News & Events

10 June 2014

It is with great pleasure that we announce the appointment of Colin Shore as Honorary Ranger of Pigeon Bush Reserve. Colin is ex army, from the Wairarapa, and brings with him a great depth of skills and experience including planning, pest control, track maintenance and wetland restoration. He is Chairman of Forest & Bird, Wairarapa and a member of the Ornithological Society. His interests include tramping, hunting, kayaking and photography.

Colin is a self confessed bush basher who loves the outdoors and sees this project as a great challenge. We welcome Colin to the role and believe he is well and truly up to the challenge!

As many of you will know the position became vacant following the untimely passing of Neil Challands who died earlier this year at Wellington Hospital after a short illness, aged 55 years. Neil was highly respected and was an outstanding Honorary Ranger. Although Colin has big boots to fill we believe we have found someone capable of continuing and building on Neil’s hard work.

09 June 2014

TBfree New Zealand is working with us to stamp out pests in the Rangitoto Range to control bovine tuberculosis (TB) and bring the birds back.

The Hauhungaroa and Rangitoto ranges make up a part of New Zealand’s 10 million hectare TB risk area in which TB-infected wild animals have been found.

Rangitoto Station is one of our flagship reserves and home to kaka, tui, falcon and robins as well as giant totara, rimu and kahikatea all of which are in danger of pest browsing and predation.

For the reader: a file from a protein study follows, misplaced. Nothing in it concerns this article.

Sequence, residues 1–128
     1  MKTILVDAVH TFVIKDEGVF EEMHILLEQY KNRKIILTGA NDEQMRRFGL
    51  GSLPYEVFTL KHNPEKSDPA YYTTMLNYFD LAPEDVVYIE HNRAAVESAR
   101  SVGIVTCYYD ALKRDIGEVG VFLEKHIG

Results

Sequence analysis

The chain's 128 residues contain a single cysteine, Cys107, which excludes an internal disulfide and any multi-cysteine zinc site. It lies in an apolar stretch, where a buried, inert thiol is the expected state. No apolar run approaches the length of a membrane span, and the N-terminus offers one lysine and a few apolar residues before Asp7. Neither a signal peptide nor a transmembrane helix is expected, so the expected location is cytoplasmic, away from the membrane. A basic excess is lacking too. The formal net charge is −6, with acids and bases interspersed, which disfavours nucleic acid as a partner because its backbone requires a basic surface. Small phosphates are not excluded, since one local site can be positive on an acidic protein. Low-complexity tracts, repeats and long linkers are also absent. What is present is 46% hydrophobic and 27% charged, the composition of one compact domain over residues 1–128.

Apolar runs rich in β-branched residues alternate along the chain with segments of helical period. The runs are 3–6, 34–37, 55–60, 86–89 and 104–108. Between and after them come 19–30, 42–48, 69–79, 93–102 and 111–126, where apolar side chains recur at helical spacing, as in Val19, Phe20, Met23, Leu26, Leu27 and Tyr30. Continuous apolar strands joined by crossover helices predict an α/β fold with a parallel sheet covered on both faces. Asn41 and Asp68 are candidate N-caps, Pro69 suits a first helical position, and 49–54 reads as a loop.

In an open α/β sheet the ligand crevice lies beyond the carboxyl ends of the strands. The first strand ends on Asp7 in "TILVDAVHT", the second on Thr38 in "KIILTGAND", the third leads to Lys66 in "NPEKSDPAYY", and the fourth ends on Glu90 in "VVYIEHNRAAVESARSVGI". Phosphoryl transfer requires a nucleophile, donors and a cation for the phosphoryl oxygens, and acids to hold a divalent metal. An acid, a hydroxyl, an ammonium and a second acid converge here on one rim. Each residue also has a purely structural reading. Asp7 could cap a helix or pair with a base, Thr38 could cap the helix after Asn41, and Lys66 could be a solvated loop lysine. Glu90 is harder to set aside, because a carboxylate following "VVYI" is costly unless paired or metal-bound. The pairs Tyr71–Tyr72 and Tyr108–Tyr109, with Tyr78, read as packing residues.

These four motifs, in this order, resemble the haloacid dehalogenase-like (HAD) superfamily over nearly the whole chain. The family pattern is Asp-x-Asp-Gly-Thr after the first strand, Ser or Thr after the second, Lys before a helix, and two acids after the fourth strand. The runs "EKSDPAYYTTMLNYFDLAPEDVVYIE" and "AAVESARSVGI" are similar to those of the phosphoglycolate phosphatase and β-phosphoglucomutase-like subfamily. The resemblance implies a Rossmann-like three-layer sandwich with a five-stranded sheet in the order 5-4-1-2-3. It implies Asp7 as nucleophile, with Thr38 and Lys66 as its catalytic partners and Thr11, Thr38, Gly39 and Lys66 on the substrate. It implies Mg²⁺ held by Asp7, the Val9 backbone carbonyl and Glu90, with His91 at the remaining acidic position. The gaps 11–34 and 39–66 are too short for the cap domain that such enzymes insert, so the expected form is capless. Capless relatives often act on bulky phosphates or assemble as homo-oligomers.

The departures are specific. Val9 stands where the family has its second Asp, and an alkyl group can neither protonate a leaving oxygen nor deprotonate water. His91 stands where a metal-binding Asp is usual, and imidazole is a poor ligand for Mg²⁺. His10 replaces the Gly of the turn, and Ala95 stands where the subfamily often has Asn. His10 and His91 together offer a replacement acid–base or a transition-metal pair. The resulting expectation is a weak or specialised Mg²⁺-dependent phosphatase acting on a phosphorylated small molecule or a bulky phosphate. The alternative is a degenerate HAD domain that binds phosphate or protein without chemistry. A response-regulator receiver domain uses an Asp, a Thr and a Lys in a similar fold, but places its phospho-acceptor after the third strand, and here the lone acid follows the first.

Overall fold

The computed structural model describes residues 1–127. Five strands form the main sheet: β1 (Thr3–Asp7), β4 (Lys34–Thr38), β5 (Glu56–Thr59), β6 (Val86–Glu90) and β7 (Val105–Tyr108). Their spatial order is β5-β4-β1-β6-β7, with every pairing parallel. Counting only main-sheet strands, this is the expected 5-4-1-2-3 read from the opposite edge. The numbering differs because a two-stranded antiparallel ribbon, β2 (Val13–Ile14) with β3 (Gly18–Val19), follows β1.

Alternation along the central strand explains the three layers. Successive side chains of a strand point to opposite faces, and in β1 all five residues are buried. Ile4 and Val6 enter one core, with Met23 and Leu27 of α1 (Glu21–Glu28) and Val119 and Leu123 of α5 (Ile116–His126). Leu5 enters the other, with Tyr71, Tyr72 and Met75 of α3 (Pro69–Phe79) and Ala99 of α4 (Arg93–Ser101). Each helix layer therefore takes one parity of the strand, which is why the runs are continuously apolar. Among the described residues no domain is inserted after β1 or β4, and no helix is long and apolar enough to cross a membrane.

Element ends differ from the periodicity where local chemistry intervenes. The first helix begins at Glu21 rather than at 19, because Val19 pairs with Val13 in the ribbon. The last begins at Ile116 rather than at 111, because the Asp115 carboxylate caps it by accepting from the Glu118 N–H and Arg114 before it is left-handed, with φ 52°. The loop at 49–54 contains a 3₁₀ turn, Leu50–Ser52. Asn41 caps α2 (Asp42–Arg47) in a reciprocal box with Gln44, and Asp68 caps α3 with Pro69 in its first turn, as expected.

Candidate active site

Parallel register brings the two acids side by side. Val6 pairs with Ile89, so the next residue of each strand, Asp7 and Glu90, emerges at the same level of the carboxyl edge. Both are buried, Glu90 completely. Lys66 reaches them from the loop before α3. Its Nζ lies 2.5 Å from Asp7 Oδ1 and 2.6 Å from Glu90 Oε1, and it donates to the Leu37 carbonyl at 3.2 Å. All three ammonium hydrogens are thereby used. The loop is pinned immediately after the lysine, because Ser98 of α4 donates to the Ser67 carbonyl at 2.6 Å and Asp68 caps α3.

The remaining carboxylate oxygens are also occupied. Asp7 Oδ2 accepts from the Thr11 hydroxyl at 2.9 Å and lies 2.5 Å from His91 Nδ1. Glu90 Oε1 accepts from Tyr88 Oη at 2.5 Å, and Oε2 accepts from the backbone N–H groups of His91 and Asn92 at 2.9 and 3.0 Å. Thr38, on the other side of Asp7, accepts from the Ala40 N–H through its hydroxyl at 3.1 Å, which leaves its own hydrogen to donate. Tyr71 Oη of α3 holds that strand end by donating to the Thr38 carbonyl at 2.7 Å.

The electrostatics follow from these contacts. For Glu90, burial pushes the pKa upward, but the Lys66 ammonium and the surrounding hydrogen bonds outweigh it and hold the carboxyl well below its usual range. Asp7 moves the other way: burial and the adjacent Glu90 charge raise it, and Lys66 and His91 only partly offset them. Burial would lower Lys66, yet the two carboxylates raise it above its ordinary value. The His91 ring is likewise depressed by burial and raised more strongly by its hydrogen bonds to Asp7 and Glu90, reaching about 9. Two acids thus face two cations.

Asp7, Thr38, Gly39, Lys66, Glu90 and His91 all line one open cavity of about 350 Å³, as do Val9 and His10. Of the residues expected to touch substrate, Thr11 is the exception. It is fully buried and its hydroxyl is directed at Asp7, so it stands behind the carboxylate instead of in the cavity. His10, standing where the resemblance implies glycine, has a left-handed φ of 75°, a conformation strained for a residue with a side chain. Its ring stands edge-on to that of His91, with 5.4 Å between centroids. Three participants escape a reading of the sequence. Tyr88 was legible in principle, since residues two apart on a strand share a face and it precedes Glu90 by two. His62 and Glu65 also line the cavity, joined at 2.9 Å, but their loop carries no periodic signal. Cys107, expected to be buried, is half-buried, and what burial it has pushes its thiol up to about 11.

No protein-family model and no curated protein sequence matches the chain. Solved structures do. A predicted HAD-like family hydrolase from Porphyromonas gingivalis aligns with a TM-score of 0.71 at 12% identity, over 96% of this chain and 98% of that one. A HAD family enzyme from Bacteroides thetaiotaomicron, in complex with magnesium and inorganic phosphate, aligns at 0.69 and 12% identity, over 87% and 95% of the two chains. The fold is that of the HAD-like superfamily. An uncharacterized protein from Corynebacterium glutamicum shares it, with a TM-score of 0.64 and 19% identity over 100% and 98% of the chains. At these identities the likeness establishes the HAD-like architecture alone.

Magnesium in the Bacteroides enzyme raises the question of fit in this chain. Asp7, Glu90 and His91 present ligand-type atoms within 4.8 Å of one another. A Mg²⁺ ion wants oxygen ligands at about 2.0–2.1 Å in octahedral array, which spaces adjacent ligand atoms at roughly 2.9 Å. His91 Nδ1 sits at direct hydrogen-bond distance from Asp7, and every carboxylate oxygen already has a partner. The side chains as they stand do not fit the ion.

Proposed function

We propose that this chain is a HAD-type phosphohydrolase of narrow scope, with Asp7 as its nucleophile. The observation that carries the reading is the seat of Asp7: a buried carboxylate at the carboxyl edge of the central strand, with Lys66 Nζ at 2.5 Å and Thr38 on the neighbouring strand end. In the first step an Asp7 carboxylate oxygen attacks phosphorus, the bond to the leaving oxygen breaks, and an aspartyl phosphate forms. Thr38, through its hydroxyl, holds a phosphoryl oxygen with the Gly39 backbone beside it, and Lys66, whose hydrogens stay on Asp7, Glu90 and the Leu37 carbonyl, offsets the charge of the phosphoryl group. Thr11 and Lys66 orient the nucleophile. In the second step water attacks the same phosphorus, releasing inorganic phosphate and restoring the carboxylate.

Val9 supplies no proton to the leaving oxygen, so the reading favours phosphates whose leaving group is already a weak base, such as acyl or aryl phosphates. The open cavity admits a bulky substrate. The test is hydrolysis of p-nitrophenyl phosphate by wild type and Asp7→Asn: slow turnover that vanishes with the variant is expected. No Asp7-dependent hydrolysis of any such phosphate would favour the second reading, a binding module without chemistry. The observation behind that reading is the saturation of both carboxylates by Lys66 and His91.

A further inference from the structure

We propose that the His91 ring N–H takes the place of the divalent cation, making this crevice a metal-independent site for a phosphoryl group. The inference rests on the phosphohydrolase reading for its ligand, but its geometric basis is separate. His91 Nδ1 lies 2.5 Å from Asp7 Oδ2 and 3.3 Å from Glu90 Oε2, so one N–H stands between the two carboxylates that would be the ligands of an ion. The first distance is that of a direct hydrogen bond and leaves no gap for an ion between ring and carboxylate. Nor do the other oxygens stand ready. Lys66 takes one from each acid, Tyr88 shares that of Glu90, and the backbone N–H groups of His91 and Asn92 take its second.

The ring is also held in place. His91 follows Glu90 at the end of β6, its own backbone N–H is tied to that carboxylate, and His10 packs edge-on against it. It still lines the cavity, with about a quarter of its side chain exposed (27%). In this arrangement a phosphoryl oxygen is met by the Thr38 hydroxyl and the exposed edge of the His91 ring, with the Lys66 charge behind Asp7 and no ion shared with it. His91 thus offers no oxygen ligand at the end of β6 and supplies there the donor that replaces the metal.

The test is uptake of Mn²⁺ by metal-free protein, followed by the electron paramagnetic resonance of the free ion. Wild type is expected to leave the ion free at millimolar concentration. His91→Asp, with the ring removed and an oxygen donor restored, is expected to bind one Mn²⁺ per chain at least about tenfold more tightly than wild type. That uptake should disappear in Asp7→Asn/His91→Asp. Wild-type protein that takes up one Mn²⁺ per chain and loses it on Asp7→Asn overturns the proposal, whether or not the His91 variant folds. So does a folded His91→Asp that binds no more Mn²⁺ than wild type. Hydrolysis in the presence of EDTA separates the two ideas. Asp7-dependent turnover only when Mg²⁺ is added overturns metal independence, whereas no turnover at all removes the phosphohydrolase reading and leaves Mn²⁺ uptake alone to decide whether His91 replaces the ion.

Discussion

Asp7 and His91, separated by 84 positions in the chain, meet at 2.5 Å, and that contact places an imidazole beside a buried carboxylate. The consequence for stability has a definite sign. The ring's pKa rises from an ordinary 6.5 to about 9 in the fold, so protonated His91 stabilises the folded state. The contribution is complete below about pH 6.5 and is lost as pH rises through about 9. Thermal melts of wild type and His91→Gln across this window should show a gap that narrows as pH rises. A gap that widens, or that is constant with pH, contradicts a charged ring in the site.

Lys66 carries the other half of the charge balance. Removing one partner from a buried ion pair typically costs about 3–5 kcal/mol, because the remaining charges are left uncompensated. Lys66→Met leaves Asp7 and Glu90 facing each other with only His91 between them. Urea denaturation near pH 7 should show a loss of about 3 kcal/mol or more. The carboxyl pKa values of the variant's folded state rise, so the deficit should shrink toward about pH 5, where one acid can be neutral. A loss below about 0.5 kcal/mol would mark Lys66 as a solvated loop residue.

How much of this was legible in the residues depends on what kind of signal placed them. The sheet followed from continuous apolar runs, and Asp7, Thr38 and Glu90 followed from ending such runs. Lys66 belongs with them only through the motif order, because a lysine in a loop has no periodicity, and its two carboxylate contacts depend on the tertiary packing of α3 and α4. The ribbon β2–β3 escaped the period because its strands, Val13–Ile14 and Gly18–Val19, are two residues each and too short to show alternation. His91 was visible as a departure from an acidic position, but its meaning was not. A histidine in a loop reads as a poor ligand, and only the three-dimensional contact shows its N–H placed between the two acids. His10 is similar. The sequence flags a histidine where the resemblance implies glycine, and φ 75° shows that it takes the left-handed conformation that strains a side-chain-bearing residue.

NFRT Southern Reserve Manager Sharen Graham said the operation would follow up on previous aerial control in the area to protect native birds and bush.
“The trust actively supports the upcoming aerial 1080 operation because the method has previously proven to leave the ecosystem in a much richer state than when possums, rats and stoats are devouring native wildlife,” she said.

The objective of the national pest management plan is to eradicate the disease from at least 2.5 million hectares of the country’s total TB risk area by 2026. TBfree New Zealand aims to eradicate the disease from the Rangitoto Range as part of this plan.

09 May 2014

We are happy to see that no permits were granted this week for mining in Pureora which is very good news. It is hoped that continued public pressure will persuade governments not to destroy our precious places.

07 May 2014

In two days Simon Bridges, Minister of Energy and Resources, will announce the decisions on areas where the government will grant permits for mining exploration. One possible area is the Pureora Forest Park where conservationists fought hard in the late 70's to preserve this rare example of ancient North Island lowland forest. The success of this campaign inspired the foundation of the Native Forest Restoration Trust with the goal of protecting as much remaining forest as possible.